Most films, and indeed many other forms of storytelling, use a three-act story arc. The first act, variously called the ‘setup’ or ‘exposition,’ introduces the characters and their context, with sufficient back-story to cause the viewer to care about their lives. It leads to an ‘inciting incident’ – a dramatic turning point that raises a seemingly insurmountable problem. Then follows the second act, variously called ‘confrontation’ or ‘rising action,’ in which the characters seek to overcome the problem, but the tension builds as their efforts simply make the problems worse. Finally, in the third act, usually called ‘resolution,’ the characters eventually overcome the problems, with a dramatic and emotional climax.

But then again, La La Land has five parts, each explicitly signaled by a title on the screen (winter, spring, summer, fall, winter). What could have become a dramatic, climactic, resolution at the end of the third act (summer) turns out only to be a staging post in the story as it heads on into fall and winter.  Yet, when we stop and ponder it for a moment, we realize that life is exactly like it.

It was a famous Sinatra song where he sang about four of those seasons. But as we know, life doesn’t resolve naturally and quickly and never has. We continue to face new and different challenges, sometimes daily. The formulaic three-act story arc of life is as fictional as the tales it is used to describe. Take the classic film that I didn’t like at all for a variety of reasons, Pretty Woman, which resolves at the end where the city financier (Richard Gere) driving off happily with the prostitute (Julia Roberts). However, what would have happened if the story had continued with two more acts? More than likely a relationship breakdown and bitter accusations? Possibly, unfaithfulness and distrust over each other’s pasts unresolved sexual adventures?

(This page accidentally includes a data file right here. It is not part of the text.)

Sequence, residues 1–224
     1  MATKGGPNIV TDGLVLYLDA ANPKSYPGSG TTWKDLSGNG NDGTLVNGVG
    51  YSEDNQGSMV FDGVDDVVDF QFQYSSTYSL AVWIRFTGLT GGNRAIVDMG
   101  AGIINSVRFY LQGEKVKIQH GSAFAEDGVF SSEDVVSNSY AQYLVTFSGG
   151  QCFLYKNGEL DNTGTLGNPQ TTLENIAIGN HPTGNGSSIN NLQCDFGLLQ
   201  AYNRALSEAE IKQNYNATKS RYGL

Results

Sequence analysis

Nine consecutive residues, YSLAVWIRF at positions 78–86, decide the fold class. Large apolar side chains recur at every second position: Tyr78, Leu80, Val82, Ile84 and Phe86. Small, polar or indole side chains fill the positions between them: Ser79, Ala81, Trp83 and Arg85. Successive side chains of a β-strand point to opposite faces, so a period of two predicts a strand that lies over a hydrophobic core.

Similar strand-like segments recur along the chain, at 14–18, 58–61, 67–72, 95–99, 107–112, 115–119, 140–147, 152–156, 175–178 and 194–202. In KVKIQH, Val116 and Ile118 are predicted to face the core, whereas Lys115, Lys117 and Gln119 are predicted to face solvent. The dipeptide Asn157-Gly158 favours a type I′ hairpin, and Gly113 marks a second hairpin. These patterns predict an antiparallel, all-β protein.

In a curious and in a very engaging way, La La Land is actually more realistic in its story arc, despite its use of the fantastical impossibilities of the musical genre; such as the sudden singing and dancing in a traffic jam. In the real-world people don’t join in, magically knowing all the words and the steps. Although, I personally wanted to join in dancing at numerous times throughout the movie! And for that absorbing reason, it is more haunting, for it causes us to think about the values that underpin our choices.